Unsurprisingly, Bournemouth Central features on our list of areas with the fastest growing property prices.

The heart of Dorset’s largest and busiest town offers employment opportunities, shops, restaurants and all important beach access.

Nevertheless, there are bargains to be had. Some people still prefer to live in more affluent suburbs.

Be prepared to accept an investment property, perhaps in need of renovation, to get full value in this area.

– 7 Blandfords

Average house price:

  • Year to June 2020 – £223,000
  • Year to June 2021 – £238,000
  • % change – 7%

Blandford has a charming Market Square, with its Georgian architecture giving the town center a quaint look.

The city was rebuilt after a devastating fire hundreds of years ago, which explains its pleasant uniform style in places.

For many years Blandford Camp was vital to the town, with employment and social life often linked to the armed forces.

The military base is still there but less integral to the lives of many residents.

Blandford Corn Exchange
Blandford Corn Exchange

Assets these days include many supermarkets, spanning the spectrum – from discount retailers like Lidl, to mainstream retail giants Tesco and Morrisons, and high-end food M&S.

When it comes to property, the place has it all – from huge mansions, perfect for the elite who send their children to famous private schools nearby, to housing estates and retirement apartments.

The location might suit you if you have to travel to Bournemouth or Poole for work, but still have access to rural Dorset to the north.

8 – Rodwell and Wyke

Average house price:

  • Year to June 2020 – £227,500
  • Year to June 2021 – £245,000
  • % change – 8%

There’s a theme to this list so far – if you want a bargain in Dorset, consider Weymouth.

The Rodwell and Wyke area is practically a stone’s throw from the famous and beautiful Chesil Beach.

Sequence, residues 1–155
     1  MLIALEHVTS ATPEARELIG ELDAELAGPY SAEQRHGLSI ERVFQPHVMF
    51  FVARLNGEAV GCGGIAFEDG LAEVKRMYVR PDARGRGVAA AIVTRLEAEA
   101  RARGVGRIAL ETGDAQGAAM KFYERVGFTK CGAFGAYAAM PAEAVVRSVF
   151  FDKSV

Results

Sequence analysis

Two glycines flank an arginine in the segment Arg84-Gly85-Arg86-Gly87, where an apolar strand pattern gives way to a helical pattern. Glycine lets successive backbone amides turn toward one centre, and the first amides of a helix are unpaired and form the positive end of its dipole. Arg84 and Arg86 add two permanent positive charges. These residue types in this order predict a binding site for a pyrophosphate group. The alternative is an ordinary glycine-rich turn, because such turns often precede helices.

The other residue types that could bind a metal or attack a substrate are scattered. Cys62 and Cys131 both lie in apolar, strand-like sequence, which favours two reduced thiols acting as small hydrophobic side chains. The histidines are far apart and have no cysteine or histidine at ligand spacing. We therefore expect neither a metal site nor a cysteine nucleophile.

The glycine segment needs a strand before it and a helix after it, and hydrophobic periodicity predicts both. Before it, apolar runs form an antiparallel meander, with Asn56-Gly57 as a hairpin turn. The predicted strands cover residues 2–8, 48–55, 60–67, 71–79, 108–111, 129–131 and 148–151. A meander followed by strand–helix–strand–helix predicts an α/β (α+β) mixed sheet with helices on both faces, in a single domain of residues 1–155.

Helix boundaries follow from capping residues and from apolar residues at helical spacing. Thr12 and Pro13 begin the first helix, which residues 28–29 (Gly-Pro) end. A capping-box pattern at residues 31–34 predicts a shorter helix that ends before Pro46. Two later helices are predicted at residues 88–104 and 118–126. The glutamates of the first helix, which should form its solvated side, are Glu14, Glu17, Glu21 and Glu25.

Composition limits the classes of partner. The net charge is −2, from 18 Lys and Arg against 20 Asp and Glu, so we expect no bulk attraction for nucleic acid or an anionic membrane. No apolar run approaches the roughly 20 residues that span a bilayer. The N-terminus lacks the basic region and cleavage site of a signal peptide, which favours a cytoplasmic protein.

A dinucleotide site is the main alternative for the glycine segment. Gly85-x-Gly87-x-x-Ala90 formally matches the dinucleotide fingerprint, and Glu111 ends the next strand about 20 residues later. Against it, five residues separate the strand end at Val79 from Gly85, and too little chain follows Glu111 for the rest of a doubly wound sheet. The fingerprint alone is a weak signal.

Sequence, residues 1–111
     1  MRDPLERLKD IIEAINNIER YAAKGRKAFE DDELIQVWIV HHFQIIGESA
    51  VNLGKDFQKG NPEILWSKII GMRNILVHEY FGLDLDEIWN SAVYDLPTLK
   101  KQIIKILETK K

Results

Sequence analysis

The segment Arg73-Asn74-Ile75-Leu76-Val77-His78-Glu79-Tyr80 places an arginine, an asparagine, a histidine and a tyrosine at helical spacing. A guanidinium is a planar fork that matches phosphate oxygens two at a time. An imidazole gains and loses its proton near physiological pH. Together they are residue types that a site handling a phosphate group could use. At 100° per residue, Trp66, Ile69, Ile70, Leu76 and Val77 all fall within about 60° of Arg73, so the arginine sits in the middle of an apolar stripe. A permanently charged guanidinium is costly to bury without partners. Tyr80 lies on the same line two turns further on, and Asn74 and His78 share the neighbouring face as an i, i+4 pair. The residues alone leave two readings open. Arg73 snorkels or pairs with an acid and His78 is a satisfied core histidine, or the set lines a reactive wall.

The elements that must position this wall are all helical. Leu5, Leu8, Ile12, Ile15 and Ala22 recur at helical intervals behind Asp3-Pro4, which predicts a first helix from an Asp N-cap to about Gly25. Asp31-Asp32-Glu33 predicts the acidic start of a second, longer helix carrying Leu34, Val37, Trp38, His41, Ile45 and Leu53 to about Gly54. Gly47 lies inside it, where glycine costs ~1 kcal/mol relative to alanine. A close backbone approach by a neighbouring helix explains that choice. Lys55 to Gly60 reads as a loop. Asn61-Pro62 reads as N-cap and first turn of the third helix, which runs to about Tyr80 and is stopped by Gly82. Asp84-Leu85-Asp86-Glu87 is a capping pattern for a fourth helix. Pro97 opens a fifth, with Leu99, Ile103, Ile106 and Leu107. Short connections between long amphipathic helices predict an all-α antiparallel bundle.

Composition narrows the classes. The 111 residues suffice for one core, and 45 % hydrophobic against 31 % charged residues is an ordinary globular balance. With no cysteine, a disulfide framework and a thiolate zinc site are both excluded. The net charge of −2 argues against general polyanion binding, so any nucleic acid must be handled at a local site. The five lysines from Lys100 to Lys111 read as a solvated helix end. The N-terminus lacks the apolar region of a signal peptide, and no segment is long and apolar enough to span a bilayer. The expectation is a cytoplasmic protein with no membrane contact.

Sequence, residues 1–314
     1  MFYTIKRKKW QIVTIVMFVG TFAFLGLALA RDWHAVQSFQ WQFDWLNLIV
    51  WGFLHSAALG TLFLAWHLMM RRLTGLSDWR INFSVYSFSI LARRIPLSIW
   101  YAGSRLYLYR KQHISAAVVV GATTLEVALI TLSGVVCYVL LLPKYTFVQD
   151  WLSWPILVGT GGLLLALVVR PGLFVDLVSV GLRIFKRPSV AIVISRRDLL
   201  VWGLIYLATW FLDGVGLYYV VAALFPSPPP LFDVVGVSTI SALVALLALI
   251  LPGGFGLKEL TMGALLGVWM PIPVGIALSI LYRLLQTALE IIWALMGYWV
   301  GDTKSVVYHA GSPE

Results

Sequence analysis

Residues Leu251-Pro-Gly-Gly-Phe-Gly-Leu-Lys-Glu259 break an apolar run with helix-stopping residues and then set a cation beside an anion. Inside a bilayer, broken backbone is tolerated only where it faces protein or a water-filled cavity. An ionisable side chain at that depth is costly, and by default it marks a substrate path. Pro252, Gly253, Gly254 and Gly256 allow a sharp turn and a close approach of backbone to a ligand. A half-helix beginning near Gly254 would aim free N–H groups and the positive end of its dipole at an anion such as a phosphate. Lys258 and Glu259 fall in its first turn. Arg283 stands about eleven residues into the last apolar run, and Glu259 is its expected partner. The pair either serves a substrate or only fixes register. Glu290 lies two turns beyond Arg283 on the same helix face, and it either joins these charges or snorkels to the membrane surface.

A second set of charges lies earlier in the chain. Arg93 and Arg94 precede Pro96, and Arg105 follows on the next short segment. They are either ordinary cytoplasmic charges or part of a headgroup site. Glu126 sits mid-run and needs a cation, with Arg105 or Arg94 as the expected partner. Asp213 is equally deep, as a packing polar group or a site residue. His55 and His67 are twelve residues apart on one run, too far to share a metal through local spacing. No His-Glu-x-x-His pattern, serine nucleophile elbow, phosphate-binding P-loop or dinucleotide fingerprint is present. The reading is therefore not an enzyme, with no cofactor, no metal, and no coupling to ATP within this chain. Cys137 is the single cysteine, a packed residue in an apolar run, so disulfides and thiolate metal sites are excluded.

It even includes caravans and holiday parks.

But like others on this list, it also has its challenges – with necessary developments and investments.

9 – Sturminster Newton

Average house price:

  • Year to June 2020 – £245,000
  • Year to June 2021 – £247,000
  • % change – 1%

Sturminster Newton – known as ‘Stur’ to locals – sits in the heart of Thomas Hardy country.

It used to be two places – Sturminster is the main town, but across the town’s iconic bridge over the River Stour you’ll find Newton, by the mill – perhaps the town’s most notable feature.

It was also once home to one of the largest cattle markets in the UK, which attracted industry and commerce to the town.

The last days of Sturminster Newton cattle market 1997
The last days of Sturminster Newton cattle market 1997

Today, the Bourse stands on the site of the old market, a multi-purpose community venue that has earned a reputation in recent years for attracting big names from the entertainment world.

Some locals sometimes lament the lack of amenities and shops but there are plenty of countryside walks and a few independent shops worth exploring.

Expect the classic Dorset variety in the property market – thatched-roof beauties near the church, scattered retirement flats, housing estates and grand country residences on the outskirts.

10 – Westbourne and West Cliff

Average house price:

  • Year to June 2020 – £220,000
  • Year to June 2021 – £255,000
  • % change – 16%

Finally, we have Westbourne and West Cliff.

Readers might be surprised to find it on this list, as parts of the neighborhood include hotels for nearby Bournemouth town centre.

Westbourne also has Chez Fred – a fish and chip shop with a local reputation.

It is possible that the large number of apartments in the area has lowered the average price. Unlike most of Dorset, flats probably outnumber houses here.

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It should be noted that the average property prices used to compile this list are a raw average and do not take into account the type of property sold.

As such, the average price may be skewed for neighborhoods that have seen a small number of sales over the past year.

Increases and decreases may also reflect changes in the types of properties sold, for example if many new apartments have been built in an area that was previously made up of single-detached houses.